The simulator passes via a socket, ptsx & ptsy of six waypoints (5 in front, 1 near the vehicle), the vehicle x,y map position, orientation and speed (mph).

This data after being transformed into the vehicle map space, with new cross track error and orientation error calculated, is then passed into the MPC (Model Predictive Control) solve routine. It returns, the two new actuator values, with steering and acceleration (i.e. throttle) and the MPC predicted path (plotted in green in the simulator).

Constraint costs were applied to help the optimiser select an optimal update. Emphasis was placed on minimising orientation error and actuations, in particular steering (to keep the lines smooth).

   // Reference State Cost
    // TODO: Define the cost related the reference state and
    // any anything you think may be beneficial.
    // The part of the cost based on the reference state.
    for (int i = 0; i < N; i  ) {
      fg[0]  = CppAD::pow(vars[cte_start   i] - ref_cte, 2);
      fg[0]  = 2 * CppAD::pow(vars[epsi_start   i] - ref_epsi, 2);
      fg[0]  = CppAD::pow(vars[v_start   i] - ref_v, 2);

    // Setup Constraints
    // NOTE: In this section you'll setup the model constraints.
    // Minimize the use of actuators.
    for (int i = 0; i < N - 1; i  ) {
      fg[0]  = CppAD::pow(vars[delta_start   i], 2);
      fg[0]  = CppAD::pow(vars[a_start   i], 2);

    // Minimize the value gap between sequential actuations.
    for (int i = 0; i < N - 2; i  ) {
      fg[0]  = 20000 * CppAD::pow(vars[delta_start   i   1] - vars[delta_start   i], 2);
      fg[0]  = 10 * CppAD::pow(vars[a_start   i   1] - vars[a_start   i], 2);

Timestep Length and Frequency

The MPC optimiser has two variables to represent the horizon into the future to predict actuator changes. They are determined by N (Number of timesteps) and dt (timestep duration) where T (time) = N * dt.

To help tune these settings, I copied the mpc_to_line project quiz, to a new project mpc_to_waypoint, and modified it to represent the initial state model to be used with the Udacity simulator. I was able to get good results looking out 3 seconds, with N = 15 and dt = 0.2. The following output are plots of 50 iterations from the initial vehicle state:
initial tuning program output

It seemed to be tracking quite nicely but speed was very slow.

However what I found, is that a horizon out 3 seconds in the simulator seemed to be too far. The faster the vehicle, the further forward the optimiser was looking. It shortly started to fail and the vehicle would end up in the lake or even worse airborne.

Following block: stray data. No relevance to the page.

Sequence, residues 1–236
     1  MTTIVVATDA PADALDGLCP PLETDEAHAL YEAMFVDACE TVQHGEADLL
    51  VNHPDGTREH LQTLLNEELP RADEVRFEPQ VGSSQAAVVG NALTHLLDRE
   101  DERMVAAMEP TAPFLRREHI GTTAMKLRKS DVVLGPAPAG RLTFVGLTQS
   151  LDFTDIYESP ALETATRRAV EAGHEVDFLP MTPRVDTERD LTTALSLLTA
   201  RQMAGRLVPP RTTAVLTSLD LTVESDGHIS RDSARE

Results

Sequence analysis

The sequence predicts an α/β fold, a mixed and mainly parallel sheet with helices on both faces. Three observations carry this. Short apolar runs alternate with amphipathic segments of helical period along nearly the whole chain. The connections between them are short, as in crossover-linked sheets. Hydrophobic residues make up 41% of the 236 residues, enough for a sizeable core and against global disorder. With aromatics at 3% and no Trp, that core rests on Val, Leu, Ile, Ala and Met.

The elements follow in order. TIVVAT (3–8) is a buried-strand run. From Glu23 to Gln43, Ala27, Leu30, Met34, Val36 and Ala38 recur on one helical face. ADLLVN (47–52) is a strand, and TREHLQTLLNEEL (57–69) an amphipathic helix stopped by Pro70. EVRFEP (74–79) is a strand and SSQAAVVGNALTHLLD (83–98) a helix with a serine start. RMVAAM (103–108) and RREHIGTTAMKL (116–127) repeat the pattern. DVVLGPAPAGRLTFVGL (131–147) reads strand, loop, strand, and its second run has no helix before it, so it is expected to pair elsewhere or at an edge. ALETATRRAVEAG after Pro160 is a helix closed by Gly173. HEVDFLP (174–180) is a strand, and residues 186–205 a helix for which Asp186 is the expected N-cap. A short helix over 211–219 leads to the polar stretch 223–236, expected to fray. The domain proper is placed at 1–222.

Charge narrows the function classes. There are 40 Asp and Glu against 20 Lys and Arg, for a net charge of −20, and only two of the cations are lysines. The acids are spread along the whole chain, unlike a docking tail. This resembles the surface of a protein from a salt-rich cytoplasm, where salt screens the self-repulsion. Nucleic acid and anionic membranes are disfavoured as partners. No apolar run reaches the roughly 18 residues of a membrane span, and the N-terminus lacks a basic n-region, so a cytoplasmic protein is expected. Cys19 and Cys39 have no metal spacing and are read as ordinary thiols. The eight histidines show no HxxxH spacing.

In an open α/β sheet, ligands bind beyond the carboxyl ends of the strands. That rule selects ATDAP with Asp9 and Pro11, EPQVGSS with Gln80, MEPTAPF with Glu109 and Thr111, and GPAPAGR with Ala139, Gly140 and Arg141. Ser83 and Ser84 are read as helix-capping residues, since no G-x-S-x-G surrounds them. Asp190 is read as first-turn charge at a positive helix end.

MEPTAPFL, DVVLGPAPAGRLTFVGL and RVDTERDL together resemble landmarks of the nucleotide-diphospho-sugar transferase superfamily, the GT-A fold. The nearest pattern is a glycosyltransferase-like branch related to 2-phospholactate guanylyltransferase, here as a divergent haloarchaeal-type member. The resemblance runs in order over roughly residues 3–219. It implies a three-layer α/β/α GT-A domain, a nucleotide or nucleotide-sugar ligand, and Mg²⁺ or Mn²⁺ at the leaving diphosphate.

I tried reducing N and increasing dt. Eventually, via trial and error, I found good results where N was 8 to 10 and dt between ~0.08 to ~0.105. I eventually settled on calculating dt based on Time/N (with time set at ~.65 seconds and N on 8). If I saw the plotted MPC line coming close to the 2nd furthest plotted waypoint at higher speeds, it started to correspond, with the MPC optimiser failing.

The reference speed also played a part. To drive safely around the track, to ensure the project meets requirement, I kept it at 60 MPH.

Polynomial Fitting and MPC Preprocessing

An example plot of the track with the first way points, vehicle position and orientation follows:
Waypoints plotted with vehicle

To make updating easier and to provide data to be able to draw, the waypoints and the predicted path from the MPC solver, coordinates were transformed into vehicle space. This meant also that the initial position of the vehicle state, for the solver was (0 velocity in KPH * 100 ms of latency,0), which included a projection of distance travelled to cover latency, with a corresponding angle orientation of zero. These coordinates were used in the poly fit. It had an added benefit of simplifying, the derivative calculation required for the orientation error.

The following plot is the same waypoints transformed to the vehicle space map, with the arrow representing the orientation of the vehicle:
waypoints in vehicle space

Model Predictive Control with Latency

Before sending the result back to the simulator a 100ms latency delay was implemented.


This replicated the actuation delay that would be experienced in a real-world vehicle.

I experimented with trying to understand if the ratio of dt (time interval) to latency in seconds, being near 1 (i.e. the time interval was close to the latency value), had an impact on the ability of the MPC algorithm to handle latency. Anecdotal evidence supported that; but in reality ratio values of < 1 (for this project, I had (.65/8)/.100 = .0.8125) were the reality to ensure the optimiser was able to find a solution.

As described in the previous section, the vehicle position was projected forward, the distance it would travel, to cover 100ms of latency.

However before I implemented the forward projection for latency, you could see in places where the vehicle lagged a little in its turning. The MPC, however predicted the path correctly back onto the centre line of the track per following image:
steering lag

After I implemented the latency projection calculation, the vehicle was able to stay closer to center, more readily per this image:
latency projected

Over all the drive around this simulator track, was smoother and lacked steering wobbles, when compared to using a PID controller.